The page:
My father was drafted into the Army Air Force in 1943. He always told me when I was growing up, “Be an officer. “ He was an enlisted man and I guess it wasn’t the thrill of a lifetime for him. He thought I made a big mistake when I dropped out of ROTC my first week at Rutgers.
He told my sister he loved the people of North Africa. He dreamed about going back there someday, maybe after his kids were through college and he retired from teaching.
He was in Italy at the same time as my Uncle Joe. Joe was my mother’s brother. Joe always said Dad was the most Christian man he ever met. He also said that whenever my father got a 3 day pass, the first thing he said to Joe was, “ Got any beer? “
I once asked my father how many Germans he killed. He said a flight of German planes flew over his base once, and he fired his carbine at them, but he wasn’t sure if he got any. I was pretty disappointed. Back in the Fifties, us boys always liked to brag about how many Germans or Japs our fathers killed.
The Army shrink who did my 3 minute psychological exam in the summer of ‘68 classified me as “inadequate personality.” That got me a one year deferment as a 1-Y. When I came back a year later, apparently I was adequate – they made me 1-A. While I was desperately searching for any way – ANY way – I could get out of it, Nixon cancelled the draft and instituted the lottery.
My number was 306. No way they’d ever call me up. Thank you, nameless Army shrink. Thank you, Richard Nixon. Thank you, God.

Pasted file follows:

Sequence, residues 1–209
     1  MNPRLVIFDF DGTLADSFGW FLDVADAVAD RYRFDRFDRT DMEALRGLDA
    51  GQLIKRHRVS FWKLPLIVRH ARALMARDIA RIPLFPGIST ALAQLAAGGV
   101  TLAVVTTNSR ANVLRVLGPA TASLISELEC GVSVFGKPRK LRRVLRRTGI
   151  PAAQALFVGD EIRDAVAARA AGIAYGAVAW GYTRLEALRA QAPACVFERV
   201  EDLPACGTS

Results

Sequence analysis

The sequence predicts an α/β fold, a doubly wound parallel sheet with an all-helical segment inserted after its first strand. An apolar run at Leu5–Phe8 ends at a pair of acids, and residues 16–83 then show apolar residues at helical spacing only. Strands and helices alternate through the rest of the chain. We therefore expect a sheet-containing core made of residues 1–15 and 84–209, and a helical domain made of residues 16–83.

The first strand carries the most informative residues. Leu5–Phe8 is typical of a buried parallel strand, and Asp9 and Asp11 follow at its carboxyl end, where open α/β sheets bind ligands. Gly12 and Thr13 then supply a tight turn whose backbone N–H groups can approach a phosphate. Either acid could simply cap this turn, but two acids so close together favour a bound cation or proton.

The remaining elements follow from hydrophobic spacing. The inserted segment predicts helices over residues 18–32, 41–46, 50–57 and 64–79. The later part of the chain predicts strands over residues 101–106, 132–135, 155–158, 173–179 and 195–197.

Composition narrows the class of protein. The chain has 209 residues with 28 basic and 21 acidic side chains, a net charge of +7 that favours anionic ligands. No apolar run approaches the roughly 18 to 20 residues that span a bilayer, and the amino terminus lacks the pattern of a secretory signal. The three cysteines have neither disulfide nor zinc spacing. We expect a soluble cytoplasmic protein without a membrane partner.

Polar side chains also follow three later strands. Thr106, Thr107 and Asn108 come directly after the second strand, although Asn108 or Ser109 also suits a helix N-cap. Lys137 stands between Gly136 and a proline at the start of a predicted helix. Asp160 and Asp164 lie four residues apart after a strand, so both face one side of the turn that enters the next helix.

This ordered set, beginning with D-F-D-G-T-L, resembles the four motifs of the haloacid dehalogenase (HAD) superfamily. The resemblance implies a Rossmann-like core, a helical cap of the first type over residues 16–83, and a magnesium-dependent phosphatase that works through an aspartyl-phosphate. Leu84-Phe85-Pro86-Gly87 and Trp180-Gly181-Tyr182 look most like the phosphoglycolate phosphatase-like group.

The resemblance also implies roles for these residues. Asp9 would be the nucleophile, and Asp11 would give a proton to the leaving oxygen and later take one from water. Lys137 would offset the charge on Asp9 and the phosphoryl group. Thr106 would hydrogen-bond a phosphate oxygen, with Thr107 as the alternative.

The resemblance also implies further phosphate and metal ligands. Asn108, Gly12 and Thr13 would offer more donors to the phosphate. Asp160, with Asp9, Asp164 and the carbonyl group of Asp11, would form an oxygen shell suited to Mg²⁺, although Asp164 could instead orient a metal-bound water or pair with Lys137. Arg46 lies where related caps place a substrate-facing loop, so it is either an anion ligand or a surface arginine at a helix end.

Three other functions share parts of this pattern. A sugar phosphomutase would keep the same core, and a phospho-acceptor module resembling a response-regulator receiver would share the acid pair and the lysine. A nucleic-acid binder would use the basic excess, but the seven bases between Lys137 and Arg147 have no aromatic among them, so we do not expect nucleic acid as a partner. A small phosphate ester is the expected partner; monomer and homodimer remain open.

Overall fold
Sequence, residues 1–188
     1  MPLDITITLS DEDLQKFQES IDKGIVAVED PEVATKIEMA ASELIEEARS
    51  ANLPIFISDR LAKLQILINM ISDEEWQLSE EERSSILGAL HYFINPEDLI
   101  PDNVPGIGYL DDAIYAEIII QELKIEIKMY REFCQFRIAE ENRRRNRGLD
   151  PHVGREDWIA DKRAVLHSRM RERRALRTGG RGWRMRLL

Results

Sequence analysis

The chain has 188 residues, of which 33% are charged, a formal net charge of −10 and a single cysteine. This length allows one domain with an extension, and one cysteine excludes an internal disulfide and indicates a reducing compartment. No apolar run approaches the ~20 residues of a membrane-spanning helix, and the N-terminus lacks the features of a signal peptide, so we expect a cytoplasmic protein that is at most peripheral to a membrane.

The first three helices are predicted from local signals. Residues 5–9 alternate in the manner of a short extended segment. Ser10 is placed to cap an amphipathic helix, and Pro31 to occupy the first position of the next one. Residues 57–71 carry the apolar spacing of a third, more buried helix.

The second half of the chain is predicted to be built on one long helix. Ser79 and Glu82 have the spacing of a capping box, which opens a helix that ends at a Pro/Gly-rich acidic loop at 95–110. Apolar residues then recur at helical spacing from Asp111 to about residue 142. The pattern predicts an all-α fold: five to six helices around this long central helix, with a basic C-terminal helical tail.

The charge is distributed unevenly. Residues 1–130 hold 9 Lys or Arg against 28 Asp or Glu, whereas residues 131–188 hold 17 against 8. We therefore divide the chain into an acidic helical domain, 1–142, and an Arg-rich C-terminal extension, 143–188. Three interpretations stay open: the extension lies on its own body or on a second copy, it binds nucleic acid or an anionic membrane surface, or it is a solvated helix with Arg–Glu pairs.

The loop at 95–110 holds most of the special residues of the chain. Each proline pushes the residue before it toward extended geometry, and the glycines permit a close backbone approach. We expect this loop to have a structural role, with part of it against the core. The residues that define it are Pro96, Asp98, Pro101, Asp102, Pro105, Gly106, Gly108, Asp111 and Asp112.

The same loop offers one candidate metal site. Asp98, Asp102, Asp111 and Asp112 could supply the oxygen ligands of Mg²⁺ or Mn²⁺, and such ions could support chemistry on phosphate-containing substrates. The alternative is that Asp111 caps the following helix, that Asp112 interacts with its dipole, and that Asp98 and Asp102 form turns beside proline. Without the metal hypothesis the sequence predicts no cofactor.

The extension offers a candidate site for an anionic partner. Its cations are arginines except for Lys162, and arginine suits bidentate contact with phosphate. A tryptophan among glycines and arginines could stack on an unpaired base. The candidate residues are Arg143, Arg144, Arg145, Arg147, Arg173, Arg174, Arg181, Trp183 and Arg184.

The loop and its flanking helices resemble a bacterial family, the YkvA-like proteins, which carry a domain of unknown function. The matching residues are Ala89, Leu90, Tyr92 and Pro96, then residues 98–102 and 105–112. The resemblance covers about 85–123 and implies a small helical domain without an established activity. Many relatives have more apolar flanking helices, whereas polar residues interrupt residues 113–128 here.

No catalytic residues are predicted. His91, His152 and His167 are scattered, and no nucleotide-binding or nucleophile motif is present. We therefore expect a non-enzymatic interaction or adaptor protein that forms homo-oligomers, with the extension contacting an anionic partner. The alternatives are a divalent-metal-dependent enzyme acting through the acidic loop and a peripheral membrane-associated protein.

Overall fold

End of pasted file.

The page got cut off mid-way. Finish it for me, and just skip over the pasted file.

I can’t know what kind of soldier I’d have been. I’m certain I would have been scared out of my mind. Probably most soldiers are. But I think I would have done my bit if I’d had to.They say you don’t die for your country, you die for the other guys in your platoon who’ve gone through the same hell you have.
At our 20th high school reunion, I went over to Bob, a guy I played football with, one of the nicest guys in the world. A piece of shrapnel had cut his carotid artery and they couldn’t get him back to a MASH unit in time. He suffered the same kind of brain damage as a stroke victim. He’s paralyzed on one side of his body. I apologized to him that he had to go to Viet Nam and I didn’t. I said it wasn’t fair. He said it was OK, he didn’t blame me.
Sometimes I still blame myself.
Dedicated to the memory of Lt. Edward Funcheon, USMC and Pvt. Russell Babcock, US Army, fellow members of the football team at Haverstraw-Stony Point High School.
They both died a few months after we graduated. Jesus God, I hope they got laid before they died, by girls who really liked them.
“Soldiers’ Songs” is planned for release in autumn 2020.